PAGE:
The first example I am going to cover is that of Germanic Paganism and witchcraft. These are two spiritual and religious paths that are a part of my personal practice that also inspire and help form the products that this business sells. This is also a popular culture to explore spiritually right now with more people having interest in Germanic mythology with new pop culture references.
In Germanic paganism there is a lot of lore that can be explored. Most people start off with the Eddas and Sagas. With in the Eddas and Sagas there are many tales of magical practices and spiritual works. This is where most of the concepts of Modern Germanic worship come from such as the Blot and the Sumbel. The Eddas and Sagas while having an extensive study in themselves, is not the only source of the lore out there.
Many people are familiar with the Grimm’s brothers fairy tales. These fairy tales actually come from the Germanic forests, These fairy tales provide another source of wealth for practicing Germanic Paganism and witchcraft. The tales describe many different spirits and even some of the traditional practices of the Dwarves, Witches, Elves, and other spirits found within Germanic cultures. These tales provide even further keys into the folk knowledge that create the base of witchcraft and other magical practices.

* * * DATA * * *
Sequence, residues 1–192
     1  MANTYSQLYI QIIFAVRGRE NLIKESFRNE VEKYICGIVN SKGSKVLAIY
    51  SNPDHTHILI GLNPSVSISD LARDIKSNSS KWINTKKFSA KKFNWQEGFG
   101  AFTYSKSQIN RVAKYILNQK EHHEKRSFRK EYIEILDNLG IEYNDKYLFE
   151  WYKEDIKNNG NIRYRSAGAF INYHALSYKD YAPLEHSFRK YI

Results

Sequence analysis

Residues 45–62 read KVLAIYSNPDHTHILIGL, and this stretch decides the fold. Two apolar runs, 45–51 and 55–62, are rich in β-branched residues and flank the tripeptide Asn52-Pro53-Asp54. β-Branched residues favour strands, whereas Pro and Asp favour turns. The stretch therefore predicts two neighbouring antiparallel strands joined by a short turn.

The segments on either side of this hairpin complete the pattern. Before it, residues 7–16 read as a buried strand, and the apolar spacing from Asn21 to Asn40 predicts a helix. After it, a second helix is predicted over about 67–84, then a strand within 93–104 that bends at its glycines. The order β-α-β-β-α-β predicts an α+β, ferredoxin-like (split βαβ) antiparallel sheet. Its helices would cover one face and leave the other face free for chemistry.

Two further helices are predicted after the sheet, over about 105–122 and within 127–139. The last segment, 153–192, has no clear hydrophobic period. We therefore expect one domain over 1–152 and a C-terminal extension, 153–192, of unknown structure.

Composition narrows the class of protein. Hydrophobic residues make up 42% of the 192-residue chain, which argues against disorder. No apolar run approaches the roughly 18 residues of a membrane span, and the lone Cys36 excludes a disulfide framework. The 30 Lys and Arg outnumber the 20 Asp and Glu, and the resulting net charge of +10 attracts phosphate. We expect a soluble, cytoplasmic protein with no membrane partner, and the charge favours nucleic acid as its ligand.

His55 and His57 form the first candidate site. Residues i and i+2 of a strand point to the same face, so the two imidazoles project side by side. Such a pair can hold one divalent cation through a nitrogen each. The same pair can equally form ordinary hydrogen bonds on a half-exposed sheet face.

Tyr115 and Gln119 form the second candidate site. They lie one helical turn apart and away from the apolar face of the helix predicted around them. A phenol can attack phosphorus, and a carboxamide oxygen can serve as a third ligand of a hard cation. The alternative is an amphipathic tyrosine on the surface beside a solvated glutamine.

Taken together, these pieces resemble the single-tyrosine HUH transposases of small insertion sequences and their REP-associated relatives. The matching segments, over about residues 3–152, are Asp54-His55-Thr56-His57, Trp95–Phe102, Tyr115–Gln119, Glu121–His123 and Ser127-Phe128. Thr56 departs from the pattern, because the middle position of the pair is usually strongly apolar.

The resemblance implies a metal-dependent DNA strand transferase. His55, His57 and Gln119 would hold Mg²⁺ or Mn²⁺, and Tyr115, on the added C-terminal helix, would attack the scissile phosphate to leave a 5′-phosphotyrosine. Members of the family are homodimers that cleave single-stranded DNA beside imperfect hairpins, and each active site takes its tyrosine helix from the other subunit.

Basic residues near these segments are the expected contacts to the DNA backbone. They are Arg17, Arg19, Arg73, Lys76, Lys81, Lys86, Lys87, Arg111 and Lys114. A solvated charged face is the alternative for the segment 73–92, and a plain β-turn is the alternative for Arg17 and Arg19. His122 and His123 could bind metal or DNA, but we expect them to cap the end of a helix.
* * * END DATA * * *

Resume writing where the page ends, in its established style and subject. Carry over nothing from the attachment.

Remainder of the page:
Aside from the fairytale and the Eddas there are other sources of practical information. The Rune poems give inspiration for the practice of rune magic which has been mentioned in the Eddas and the Sagas. By reading the Rune poems a Germanic Pagan begins to study another wealth of information regarding the spiritual practices of the ancient Germanic Pagans.
Even within the Umbrella of Germanic Paganism and practices one could go into even more specific studies. For example one could focus their attention on the continental practices in old Germany and Norway for example. Focusing even further on some of those specific tribes. One person could even focus on the Anglo-Saxon practices (England mostly here for those looking for a region). One could go so far as to say that even the Icelandic practices and tribal setting would have been different.